Study explores mental health of children of deportees

Alexandra Dubinsky

A new study by Social Work Dean Luis Zayas seeks to explore the mental impact of deportation of Mexican immigrants on their U.S.-born children.

Because of an increase in deported Mexican immigrant parents, their U.S.-citizen children may experience adverse mental health affects, Zayas said.

In collaboration with the University of California at Davis Health System and the National Institute of Psychiatry in Mexico, researchers will interview 80 children and assess present mental conditions according to level of depression, trauma and overall effects on self-esteem and image.

The project will be the first federally-funded research of its kind to look at the experiences of children of deportees, Zayas said.

“The idea for the study came out of my clinical practice in evaluating young children — children of Hispanic background for immigration court in cases seeking cancellation of removal, that is parents appealing their deportation on the grounds that their children would be deeply affected,” Zayas said.

Families facing deportation must choose whether their children should accompany them back to Mexico or stay in the United States. According to the Pew Hispanic Center, the number of U.S. citizen children with undocumented immigrant parents grew from 2.7 million to 4 million from 2003 to 2008.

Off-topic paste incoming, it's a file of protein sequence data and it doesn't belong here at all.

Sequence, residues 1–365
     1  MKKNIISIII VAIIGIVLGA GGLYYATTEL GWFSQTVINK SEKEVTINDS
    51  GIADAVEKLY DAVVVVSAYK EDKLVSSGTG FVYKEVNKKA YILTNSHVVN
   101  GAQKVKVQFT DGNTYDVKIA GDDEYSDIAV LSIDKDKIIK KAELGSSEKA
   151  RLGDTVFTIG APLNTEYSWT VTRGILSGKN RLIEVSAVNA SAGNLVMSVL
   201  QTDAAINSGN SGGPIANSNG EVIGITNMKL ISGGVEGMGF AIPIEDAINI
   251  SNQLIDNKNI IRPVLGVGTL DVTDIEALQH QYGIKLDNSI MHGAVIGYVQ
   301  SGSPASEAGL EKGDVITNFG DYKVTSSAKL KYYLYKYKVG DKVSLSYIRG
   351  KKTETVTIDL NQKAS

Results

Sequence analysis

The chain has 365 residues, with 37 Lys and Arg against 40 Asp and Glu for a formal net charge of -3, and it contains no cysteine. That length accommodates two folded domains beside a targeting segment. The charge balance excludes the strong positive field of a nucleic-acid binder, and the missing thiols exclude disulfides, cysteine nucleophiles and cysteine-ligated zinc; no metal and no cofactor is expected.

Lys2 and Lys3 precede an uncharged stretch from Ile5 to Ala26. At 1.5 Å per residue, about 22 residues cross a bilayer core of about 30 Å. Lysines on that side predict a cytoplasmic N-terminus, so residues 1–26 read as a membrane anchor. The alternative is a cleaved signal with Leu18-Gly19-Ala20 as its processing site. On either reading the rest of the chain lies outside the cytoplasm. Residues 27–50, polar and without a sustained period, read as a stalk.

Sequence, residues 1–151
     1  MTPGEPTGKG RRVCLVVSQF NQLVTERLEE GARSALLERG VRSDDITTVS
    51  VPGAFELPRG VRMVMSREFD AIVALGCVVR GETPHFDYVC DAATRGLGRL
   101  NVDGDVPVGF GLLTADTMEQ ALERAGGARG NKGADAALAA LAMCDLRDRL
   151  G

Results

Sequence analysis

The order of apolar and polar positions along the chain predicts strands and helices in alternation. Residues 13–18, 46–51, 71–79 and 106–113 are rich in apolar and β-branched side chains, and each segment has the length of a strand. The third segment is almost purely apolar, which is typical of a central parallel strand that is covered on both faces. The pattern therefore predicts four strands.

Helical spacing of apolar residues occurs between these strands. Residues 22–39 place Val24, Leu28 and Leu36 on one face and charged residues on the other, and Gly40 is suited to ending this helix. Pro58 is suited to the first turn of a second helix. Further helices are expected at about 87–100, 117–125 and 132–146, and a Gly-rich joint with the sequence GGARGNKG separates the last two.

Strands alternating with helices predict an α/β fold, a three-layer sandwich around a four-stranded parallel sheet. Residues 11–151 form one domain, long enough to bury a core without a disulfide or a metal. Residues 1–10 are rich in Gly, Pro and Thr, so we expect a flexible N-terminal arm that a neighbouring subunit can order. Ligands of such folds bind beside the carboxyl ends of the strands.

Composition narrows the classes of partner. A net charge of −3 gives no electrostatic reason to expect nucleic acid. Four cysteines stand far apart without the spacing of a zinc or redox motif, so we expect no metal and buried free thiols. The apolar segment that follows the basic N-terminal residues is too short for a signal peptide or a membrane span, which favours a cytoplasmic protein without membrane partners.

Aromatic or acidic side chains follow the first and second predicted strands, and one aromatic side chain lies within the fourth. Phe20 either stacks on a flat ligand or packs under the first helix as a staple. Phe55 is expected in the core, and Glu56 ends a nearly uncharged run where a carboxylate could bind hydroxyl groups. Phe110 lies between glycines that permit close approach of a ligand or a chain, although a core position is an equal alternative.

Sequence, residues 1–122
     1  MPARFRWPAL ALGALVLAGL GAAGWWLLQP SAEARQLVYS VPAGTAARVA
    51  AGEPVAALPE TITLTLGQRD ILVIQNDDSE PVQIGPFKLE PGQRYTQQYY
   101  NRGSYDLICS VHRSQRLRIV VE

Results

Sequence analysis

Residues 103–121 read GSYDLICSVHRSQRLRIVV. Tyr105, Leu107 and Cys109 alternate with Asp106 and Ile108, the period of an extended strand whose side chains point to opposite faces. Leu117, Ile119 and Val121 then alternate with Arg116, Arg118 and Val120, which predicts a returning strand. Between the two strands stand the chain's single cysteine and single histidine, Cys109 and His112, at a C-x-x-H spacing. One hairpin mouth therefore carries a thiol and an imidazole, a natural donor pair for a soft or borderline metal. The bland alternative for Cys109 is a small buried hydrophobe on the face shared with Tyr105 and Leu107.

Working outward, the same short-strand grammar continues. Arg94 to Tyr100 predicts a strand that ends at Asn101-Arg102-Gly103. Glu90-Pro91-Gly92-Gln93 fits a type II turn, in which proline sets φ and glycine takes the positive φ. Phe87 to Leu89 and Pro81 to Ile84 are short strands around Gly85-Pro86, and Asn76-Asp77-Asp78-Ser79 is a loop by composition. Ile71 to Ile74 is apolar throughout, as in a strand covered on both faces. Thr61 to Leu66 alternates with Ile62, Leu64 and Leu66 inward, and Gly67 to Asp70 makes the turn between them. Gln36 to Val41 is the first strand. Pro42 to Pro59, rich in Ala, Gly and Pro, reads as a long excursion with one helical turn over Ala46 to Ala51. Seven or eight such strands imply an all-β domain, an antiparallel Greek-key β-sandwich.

Sociology professor Nestor Rodriguez, who has conducted similar research, said the study should be able to shed knowledge on the range of problems and emotional disorders that children suffer when their parents are deported.

“Deportations are at an all-time high with also 400,000 deportations occurring annually for several years now,” Rodriguez said. “I have talked with elementary school teachers who tell me that their students come to school depressed and emotionally unprepared to perform in class when a parent has been apprehended or deported by government agencies.”

The study, funded by a two-year $182,000 grant from the National Institute of Child Health and Human Development, is expected to be completed by 2014. 

“Because social science, like science, should serve the public good, we undertook this study to inform policy makers, immigration judges, government attorneys and others about the effects on our children,” Zayas said. “The way we implement social and legal policies and the way we administer immigration laws should be informed by research as well as sensitivity to social justice.”